When Christians get so concerned about defending themselves from would-be attackers, the Gospel takes a back seat. It would seem to me that someone who believes in Christ would have no fear of death, since that is precisely what Jesus and Paul taught. There should be no greater opportunity than the chance to share the Gospel with someone who is lost. Historically that happened a lot in circumstances other than having tea in your living room with your neighbor. The apostle Paul spoke of what his life was like as a minister of the Gospel:
Five times I received at the hands of the Jews the forty lashes less one. Three times I was beaten with rods. Once I was stoned. Three times I was shipwrecked; a night and a day I was adrift at sea; on frequent journeys, in danger from rivers, danger from robbers, danger from my own people, danger from Gentiles, danger in the city, danger in the wilderness, danger at sea, danger from false brothers; in toil and hardship, through many a sleepless night, in hunger and thirst, often without food, in cold and exposure. (2 Cor 11:24-27)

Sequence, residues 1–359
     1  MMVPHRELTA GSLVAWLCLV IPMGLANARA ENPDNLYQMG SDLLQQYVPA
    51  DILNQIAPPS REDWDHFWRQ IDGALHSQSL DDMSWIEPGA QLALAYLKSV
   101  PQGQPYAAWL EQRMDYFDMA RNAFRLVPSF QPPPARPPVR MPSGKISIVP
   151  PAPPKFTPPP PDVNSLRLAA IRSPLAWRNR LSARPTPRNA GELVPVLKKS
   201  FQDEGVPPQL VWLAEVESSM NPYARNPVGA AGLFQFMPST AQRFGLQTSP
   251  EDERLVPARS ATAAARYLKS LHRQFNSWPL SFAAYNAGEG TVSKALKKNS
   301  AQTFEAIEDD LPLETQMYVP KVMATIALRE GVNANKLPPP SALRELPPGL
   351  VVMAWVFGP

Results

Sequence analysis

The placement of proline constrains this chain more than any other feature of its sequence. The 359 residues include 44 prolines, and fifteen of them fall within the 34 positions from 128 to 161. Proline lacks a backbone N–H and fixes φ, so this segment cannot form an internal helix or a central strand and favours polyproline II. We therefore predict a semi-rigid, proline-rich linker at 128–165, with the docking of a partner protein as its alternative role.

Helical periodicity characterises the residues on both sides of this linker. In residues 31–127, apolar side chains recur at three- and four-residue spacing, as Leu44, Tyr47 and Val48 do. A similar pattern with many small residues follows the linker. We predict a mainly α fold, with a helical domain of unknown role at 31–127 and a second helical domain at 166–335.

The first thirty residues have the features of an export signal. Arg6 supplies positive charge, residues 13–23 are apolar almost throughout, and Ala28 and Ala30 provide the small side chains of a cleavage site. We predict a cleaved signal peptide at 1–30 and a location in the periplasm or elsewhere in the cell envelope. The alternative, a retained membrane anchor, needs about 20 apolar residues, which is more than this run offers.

Sorta sounds to me like being willing to share the Gospel means willing to put your life on the line to do it. I wish that willingness to share the Gospel with Islamic terrorists and others who seek to harm you was what President Falwell had focused on rather than arming Christians to kill unbelievers. I am secure in my faith in Christ Jesus. Should I die today at the hands of a terrorist or a carjacker or anyone else my eternity with Christ is already assured. What do I fear from death? In many, many ways I would welcome death in the service of Christ, putting off this slowly dying body of flesh and being united with my Lord and His Bride.
It would be bad enough if the article ended there. It did not. Falwell got roped into a broader discussion about violence and non-resistance and made an utter mess of it.
Some theologians believe that Jesus would call on Christians to put down their weapons in the face of violence. In response, Falwell referenced the story from the gospels of Jesus chasing money changers out of the temple with a whip.
“Jesus said ‘Render unto Caesar that which is Caesar’s,’ and part of that was to go to war, protecting whatever nation was under control of the king,” Falwell said. “I wouldn’t agree with any interpretation of Scripture that was used to say that a man or a woman shouldn’t protect their families.”